Christine Garcia, a 37-year-old stay-at-home mom, doesn’t consider herself a particularly political person. But like a lot of women, she has strong opinions about President Trump.
“Maybe on the business side … the money is better as far as I understand,” said Garcia. “But a lot of the other things are very worrisome,” she added with a laugh, as she pushed her daughter on a swing in a park in Birmingham, Mich., an affluent suburb of Detroit.
Garcia considers herself a fiscal conservative but a social liberal.
She wouldn’t disclose whom she voted for in 2016, but she finds Trump un-presidential and insists she would not vote for him in 2020.
“I tell you, I don’t like him as a person,” she said. “I don’t have a good feeling when he comes on and when I see him.”
For decades, research has suggested that married women, like Garcia, tend to be more conservative than unmarried women, in part because of social networks, spousal influence and economics. And election results have confirmed that academic research.
But recent interviews and polling suggest the traditional marriage gap might shrink this November.
“Married women have, especially in the last six months, turned against Trump and also are starting to lean towards voting more Democratic in the congressional races, which is a pretty significant change,” said Anna Greenberg, a Democratic pollster with Greenberg Quinlan Rosner.
Greenberg’s most recent polling shows that 57 percent of married women disapprove of President Trump’s job performance. That number has increased significantly in the last year and a half. In March 2017, the president’s disapproval rating was at 40 percent.
“I think there’s some real partisan realignment here,” said Greenberg.
But that’s the big question — is the possible shift in the marriage gap a side effect of President Trump’s administration or a permanent realignment?
Birmingham sits in Michigan’s 11th Congressional District, where two women, both in their 30s, are vying for an open seat in Congress. It’s a tight race between Republican Lena Epstein, 37, the co-chair of Trump’s 2016 presidential campaign in Michigan, and Democrat Haley Stevens, 35, who worked on the Obama administration’s auto bailout. The two women are ideologically poles apart. But in some ways, a suburban contest between two women makes it clearer to understand the rifts among women voters.
Republican women, married or single, consistently tout the health of the economy.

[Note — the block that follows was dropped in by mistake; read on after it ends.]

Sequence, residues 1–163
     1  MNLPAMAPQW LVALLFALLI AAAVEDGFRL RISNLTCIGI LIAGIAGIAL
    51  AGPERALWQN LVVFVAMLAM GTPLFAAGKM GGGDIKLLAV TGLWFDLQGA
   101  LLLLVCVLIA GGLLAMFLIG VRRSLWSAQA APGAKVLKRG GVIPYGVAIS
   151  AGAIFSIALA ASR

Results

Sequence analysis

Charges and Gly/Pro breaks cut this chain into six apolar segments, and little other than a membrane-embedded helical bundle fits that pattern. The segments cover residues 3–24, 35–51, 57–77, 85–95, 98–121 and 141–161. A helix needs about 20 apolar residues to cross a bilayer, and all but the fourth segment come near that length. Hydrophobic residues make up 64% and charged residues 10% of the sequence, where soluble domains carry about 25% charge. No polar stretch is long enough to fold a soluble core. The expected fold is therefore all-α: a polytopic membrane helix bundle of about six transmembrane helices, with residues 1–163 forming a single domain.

“Oh my gosh, it took off the day after the election, people knew what his policies were going to be, they knew what his goals were going to be,” said Deb O’Hagan, 60, during lunch at a country club where the Bloomfield Republican Women’s Club was meeting.
“The stock market is high, there are more people employed now,” added Esther Littmann, a 78-year-old Republican mother of three grown children.
Littmann says her conservative politics go back to her roots as an immigrant from Germany. Her parents were fiscal conservatives.
But she’s noticed younger women have a different view of the economy.
“A lot of younger women, they haven’t experienced life enough,” she said. “I feel like right now a lot of younger women who are in favor of socialism don’t really understand the economy, don’t understand what they’ve grown up with, the advantages that they’ve had.”
All the single voters
Fewer than 50 percent of American women are married, according to data from the Census Bureau.
Single women tend to be younger, more racially diverse and less educated. But the voting gap among women isn’t entirely about all those single ladies. It’s also tied to age. Young women, like 25-year-old Bridget O’Connor, regardless of whether or not they’re married, tend to be Democrats.
O’Connor, on a lunch break from her marketing job, says she doesn’t know who’s running for Congress in her district, but she plans to vote this November and she has one main priority.
“What’s important for me personally is to get the president out of office,” she said.
Around Michigan’s 11th Congressional District, NPR met many married women who say they were never engaged in Democratic Party politics, but now they’re knocking on doors and volunteering for candidates.
“2016 was the time I said, ‘I don’t know if I can ever vote for a Republican again,’ ” said Louri Jouppi.
Jouppi says voting Democratic probably costs her more money, given her husband’s income, but she’s willing to pay more taxes if it means she isn’t sacrificing her moral values. Her friend Sonia Patel agreed.
“I’ll pay taxes if it means the children can be with their parents,” said Patel, referring to the Trump administration’s immigration policies.
Patel, a stay-at-home mom from Canton, Mich., says she used to vote for a mix of Democrats and Republicans. For instance, she voted for Michigan’s Republican governor, Rick Snyder. But after the 2016 election, she joined the board of the local Canton Democratic Club, saying motherhood and age have turned her from a moderate into a Democrat.
“My kids started growing up, I started looking at the world differently. I think it wasn’t just about me anymore, and I started thinking about the world I’m leaving them,” said Patel.
Editor’s note: NPR is examining the role of women in the 2018 midterm elections. To follow more coverage and look back at how the role of women in the 2014 midterms was covered, click here.